CLINICAL TRIAL SPOTLIGHT
Sirion Eyes Fenretinide as a Treatment for Geographic Atrophy in AMD
Phase 2 trial is under way for final-stage dry AMD patients.
ANDREW E. MATHIS, PhD, MEDICAL EDITOR
Sirion Therapeutics, Inc. (Tampa, Fla), began enrollment Dec. 4, 2006, for a phase 2 study of the efficacy of fenretinide in treating patients with geographic atrophy (GA), the final stage of nonexudative age-related macular degeneration (AMD). Fenretinide is a synthetic retinoid already unsuccessfully used in trials treating several forms of cancer.
According to a Sirion press release, nearly 1 million people in the United States suffer from GA. The company intends to enroll up to 225 patients at approximately 20 US sites. The phase 2, multicenter, randomized, doublemasked, placebo-controlled, dose-comparison study will last for 24 months with a 4-week follow-up.
Sirion acquired fenretinide in July 2006 when the company merged with Sytera, Inc. (San Diego). The mechanism of fenretinide action in treating GA is the drug’s ability to reduce systemic vitamin A levels. This effect will ultimately result in the reduction of toxic fluorophores and lipofuscin levels in the eye, which are key to the development of several retinal disorders, including AMD.
As a synthetic vitamin A homologue, it may seem as if fenretinide would hurt rather than help patients with AMD. However, the opposite is true. “It is the structural homology of fenretinide to vitamin A that underlies its mechanism of action,” says Nathan Mata, PhD, vice president of discovery research for Sirion. “Importantly, vitamin A and fenretinide do not interconvert. Fenretinide competes with vitamin A for binding to retinol binding protein (RBP) and does not allow transthyretin to bind to the complex. The relatively small size of the RBP-fenretinide complex causes it to be lost through glomerular filtration.”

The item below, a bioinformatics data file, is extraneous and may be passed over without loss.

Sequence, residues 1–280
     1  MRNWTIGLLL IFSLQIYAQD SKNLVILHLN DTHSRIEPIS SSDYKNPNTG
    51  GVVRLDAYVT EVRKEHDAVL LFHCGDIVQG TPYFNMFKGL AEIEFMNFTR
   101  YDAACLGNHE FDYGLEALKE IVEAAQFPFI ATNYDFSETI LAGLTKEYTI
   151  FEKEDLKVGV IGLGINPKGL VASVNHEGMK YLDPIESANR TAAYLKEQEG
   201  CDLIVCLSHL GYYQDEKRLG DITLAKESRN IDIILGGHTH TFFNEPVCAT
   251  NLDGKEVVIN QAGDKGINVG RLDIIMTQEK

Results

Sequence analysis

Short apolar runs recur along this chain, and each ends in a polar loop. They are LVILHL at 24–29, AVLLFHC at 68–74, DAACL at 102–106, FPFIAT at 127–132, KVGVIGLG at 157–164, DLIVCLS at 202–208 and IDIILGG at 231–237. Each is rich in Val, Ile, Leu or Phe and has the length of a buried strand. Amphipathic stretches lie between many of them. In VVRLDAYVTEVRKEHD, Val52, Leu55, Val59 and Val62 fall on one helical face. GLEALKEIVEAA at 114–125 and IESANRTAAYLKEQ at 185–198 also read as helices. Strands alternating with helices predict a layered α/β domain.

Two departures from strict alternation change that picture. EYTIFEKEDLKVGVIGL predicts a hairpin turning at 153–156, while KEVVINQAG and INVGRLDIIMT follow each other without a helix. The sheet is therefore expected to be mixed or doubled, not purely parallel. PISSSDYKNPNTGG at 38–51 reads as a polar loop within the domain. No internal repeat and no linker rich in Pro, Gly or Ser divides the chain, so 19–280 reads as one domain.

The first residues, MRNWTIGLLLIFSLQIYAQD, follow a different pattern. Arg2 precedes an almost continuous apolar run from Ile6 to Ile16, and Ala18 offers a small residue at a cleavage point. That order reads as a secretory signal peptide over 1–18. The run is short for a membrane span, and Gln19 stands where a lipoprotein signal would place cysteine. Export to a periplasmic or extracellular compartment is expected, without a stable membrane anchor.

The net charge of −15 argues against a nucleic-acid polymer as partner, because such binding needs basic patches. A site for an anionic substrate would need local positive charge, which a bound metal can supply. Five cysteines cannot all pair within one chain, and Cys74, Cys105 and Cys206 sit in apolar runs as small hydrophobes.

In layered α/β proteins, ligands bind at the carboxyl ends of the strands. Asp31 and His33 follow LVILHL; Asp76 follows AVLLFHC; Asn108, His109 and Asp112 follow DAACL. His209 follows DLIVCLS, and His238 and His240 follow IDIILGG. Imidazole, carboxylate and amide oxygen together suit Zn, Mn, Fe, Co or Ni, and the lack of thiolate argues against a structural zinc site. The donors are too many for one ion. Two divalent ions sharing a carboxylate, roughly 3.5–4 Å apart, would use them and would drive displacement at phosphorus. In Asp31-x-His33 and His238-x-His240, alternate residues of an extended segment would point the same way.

Dr. Mata continues, “The net effect is reduced RBP and vitamin A in the circulation. Because the eye has a unique requirement for vitamin A delivered by RBP, the effect of reduced RBP-vitamin A will be most pronounced in ocular tissue.”
Notably, this is not the same mechanism of action for fenretinide that had been explored in previous clinical trials for the treatment of cancer. In theory, when given to cancer patients, fenretinide causes apoptosis through programmed cell death, targeting malignant cells only.
However, Dr. Mata says, the success with this usage of fenretinide has been limited. “Although fenretinide showed promise in preclinical studies,” Dr. Mata says, “it failed as a chemopreventative agent in all of the human clinical trials.” However, Dr. Mata notes, thanks to these fenretinide trials for cancer, “there has been extensive human exposure to fenretinide.” Thus the side effects are already known. Fenretinide causes a slight delay in dark adaptation. In addition, some patients may experience dry eye and dry skin. Dr. Mata carried out an earlier study using fenretinide in an animal model of Stargardt’s disease. “In our study, electrophysiologic and histologic analyses showed no deleterious functional or morphologic effects in the retina after chronic and acute fenretinide administration,” he says.
Although this fenretinide trial is directed toward treatment for geographic atrophy, one possible outcome of treatment with fenretinide may be the prevention of the conversion of dry AMD to wet AMD. Approximately 10% to 15% of dry AMD cases will convert to wet AMD. “Clearly,” Dr. Mata says, “if we could halt, or even slow, the progression of dry AMD, we might expect a therapeutic benefit for patients in this subgroup.” According to Roger Vogel, MD, chief medical officer for Sirion, “We are not actively exploring this area. If the product proves to benefit this subgroup, that is a bonus. The focus of our development effort is clearly dry AMD and GA.We are excited about this program and hope that it will produce a viable treatment option for the millions of people around the world at risk of losing vision because of this disease.”
Retinal Physician, Issue: March 2007